The Lizard King, as he calls himself, normally targets lot lizards—prostitutes who work the parking lots adjacent to the rest stops that dot interstate highways. But he’s more than happy to move up to a higher class of victim when he runs across the Sullivan sisters. Danielle, 18, and Gracie, 16, are supposed to be driving from their mother’s home in Denver to their father’s in Omaha, but Danielle has had the bright idea of heading instead to Bozeman, Mont., to visit her boyfriend, Justin Hoyt. Far from home, their whereabouts known to only a few people, the girls are the perfect victims even before they nearly collide with the Lizard King’s rig and Danielle flips him off. Hours later, very shortly after he’s caught up with them in the depths of Yellowstone and done his best to eradicate every trace of his abduction, Justin, worried that Danielle refused his last phone call, tells his father that something bad has happened. Cody Hoyt, an investigator for the Lewis and Clark County Sheriff’s Department, is already having a tough day: At the insistence of his crooked boss, Sheriff Tubman, his longtime student and new partner, Cassandra Dewell, has just caught him planting evidence in an unrelated murder, and he’s been suspended from his job. If he’s lost his badge, though, Cody’s got plenty of time on his hands to drive downstate and meet with State Trooper Rick Legerski, the ex-husband of his dispatcher’s sister, to talk about what to do next. And so the countdown begins.

Box handles this foolproof formula with complete assurance, keeping the pot at a full boil until the perfunctory, anticlimactic and unsatisfactory ending.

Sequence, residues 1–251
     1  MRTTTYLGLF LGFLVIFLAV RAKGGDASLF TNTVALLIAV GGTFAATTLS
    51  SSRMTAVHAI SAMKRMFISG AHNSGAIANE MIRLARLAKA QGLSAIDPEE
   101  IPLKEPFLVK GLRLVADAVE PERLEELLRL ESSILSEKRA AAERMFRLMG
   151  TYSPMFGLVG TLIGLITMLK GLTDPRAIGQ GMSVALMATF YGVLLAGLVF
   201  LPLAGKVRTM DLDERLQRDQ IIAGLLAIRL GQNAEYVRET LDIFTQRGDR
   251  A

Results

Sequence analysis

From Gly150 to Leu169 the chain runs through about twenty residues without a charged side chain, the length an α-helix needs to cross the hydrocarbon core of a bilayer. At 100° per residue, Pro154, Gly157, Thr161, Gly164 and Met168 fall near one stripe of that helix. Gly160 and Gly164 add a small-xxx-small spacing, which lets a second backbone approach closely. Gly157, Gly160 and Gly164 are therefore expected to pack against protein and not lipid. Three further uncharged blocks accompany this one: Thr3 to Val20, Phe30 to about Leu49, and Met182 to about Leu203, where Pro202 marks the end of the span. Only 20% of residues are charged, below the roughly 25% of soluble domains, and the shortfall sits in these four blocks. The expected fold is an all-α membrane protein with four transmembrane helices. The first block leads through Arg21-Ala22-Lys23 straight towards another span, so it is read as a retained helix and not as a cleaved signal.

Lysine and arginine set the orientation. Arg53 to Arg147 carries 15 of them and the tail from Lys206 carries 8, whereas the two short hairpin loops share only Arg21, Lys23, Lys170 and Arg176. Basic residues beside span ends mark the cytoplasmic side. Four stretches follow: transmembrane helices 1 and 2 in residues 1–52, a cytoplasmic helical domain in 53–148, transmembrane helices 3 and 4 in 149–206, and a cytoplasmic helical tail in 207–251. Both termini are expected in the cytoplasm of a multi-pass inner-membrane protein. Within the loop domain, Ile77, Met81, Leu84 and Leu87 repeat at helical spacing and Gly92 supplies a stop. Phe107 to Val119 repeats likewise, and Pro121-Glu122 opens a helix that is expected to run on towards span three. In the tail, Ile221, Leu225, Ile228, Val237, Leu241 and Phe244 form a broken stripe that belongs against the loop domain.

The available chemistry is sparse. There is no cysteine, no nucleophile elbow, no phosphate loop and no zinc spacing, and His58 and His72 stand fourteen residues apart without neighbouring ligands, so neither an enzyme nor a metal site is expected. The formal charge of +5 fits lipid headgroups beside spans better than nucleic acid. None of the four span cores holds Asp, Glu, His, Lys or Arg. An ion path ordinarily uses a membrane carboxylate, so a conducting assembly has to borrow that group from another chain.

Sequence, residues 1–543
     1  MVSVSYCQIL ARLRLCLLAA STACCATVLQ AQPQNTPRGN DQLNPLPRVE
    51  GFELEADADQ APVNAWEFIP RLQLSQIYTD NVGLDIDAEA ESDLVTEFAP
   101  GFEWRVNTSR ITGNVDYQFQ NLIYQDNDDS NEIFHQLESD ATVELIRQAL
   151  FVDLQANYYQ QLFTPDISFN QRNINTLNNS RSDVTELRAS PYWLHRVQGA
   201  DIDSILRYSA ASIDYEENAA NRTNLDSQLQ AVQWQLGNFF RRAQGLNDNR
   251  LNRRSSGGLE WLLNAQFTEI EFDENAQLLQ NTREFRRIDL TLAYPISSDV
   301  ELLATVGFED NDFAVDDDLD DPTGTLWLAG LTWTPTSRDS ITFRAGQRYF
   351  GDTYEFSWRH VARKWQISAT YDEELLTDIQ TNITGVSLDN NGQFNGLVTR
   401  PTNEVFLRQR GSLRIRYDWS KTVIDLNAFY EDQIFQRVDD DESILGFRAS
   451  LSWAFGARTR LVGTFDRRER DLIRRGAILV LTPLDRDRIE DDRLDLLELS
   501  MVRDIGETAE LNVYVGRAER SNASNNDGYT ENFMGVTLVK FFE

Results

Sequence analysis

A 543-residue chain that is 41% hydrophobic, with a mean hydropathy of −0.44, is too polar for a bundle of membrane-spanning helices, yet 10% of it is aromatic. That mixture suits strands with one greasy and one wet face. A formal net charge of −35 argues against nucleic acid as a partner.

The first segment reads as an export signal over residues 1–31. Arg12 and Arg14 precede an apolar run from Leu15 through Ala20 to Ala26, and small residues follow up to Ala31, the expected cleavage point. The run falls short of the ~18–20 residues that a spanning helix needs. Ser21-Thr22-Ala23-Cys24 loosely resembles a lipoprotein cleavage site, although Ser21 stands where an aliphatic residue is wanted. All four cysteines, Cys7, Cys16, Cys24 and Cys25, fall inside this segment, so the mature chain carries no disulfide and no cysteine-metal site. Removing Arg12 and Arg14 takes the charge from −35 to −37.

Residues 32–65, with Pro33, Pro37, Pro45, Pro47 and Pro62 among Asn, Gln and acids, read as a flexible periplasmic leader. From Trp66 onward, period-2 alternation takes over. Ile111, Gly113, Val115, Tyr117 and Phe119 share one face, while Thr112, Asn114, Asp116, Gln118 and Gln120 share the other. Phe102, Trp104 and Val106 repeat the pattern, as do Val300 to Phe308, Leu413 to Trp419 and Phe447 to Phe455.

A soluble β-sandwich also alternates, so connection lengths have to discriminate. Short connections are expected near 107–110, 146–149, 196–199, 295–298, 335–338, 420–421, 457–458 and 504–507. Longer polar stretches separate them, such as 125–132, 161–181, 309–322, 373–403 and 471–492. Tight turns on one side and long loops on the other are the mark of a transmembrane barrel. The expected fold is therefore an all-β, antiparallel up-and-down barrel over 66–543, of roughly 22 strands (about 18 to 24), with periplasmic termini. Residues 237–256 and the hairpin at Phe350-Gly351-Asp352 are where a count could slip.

Pub Date: July 30, 2013

ISBN: 978-0-312-58320-0

Page Count: 400

Publisher: Minotaur

Review Posted Online: July 7, 2013

Kirkus Reviews Issue: July 15, 2013

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Not terribly suspenseful, but as a dissection of a family in crisis, it works.

A NEARLY NORMAL FAMILY

In Swedish author Edvardsson’s U.S debut, a family is shattered by a heinous crime.

Adam is a well-respected pastor, and his wife, Ulrika, is a defense attorney. Their daughter, Stella, has just turned 18 and is planning a trip to Asia. From the outside, the Sandells are the perfect family, but that facade crumbles when Stella is arrested for the brutal stabbing of 32-year-old Christopher Olsen at a playground. On the night of the murder, Adam finds Stella’s shirt covered in dark stains; he will do anything to keep his daughter out of prison, including providing a false alibi, but his decision contradicts his faith and shakes him to his core. The story is told in three parts, from the viewpoints of Adam, Stella, and Ulrika. Adam presents Stella as a troubled child and out-of-control teen. Stella reveals that much of her acting out stemmed from her desire to control her own life, her father’s overprotectiveness, and her mother’s perceived coldness. Further, Adam and Ulrika’s failure to report a sexual assault on Stella by a trusted camp director when Stella was 15 created a permanent fissure in the family. Stella’s whirlwind affair with the wealthy and attentive Chris is complicated by his ex-girlfriend, who tells Stella he’s abusive. The romance eventually spins out of control, but could Stella be a killer? Much of Ulrika’s narrative is spent in the courtroom during Stella’s murder trial, which may lead some readers to feel like she got short shrift. In between flashes of courtroom drama, Ulrika contemplates her marriage, motherhood, and her alienation in the face of what she felt was an impenetrable relationship between Adam and Stella. The murder mystery falls a bit flat and the resolution is overly neat, but Edvardsson ably weaves themes of parental guilt and sacrifice into a nuanced family drama.

Not terribly suspenseful, but as a dissection of a family in crisis, it works.

Pub Date: June 25, 2019

ISBN: 978-1-250-20443-1

Page Count: 400

Publisher: Celadon Books

Review Posted Online: March 31, 2019

Kirkus Reviews Issue: April 15, 2019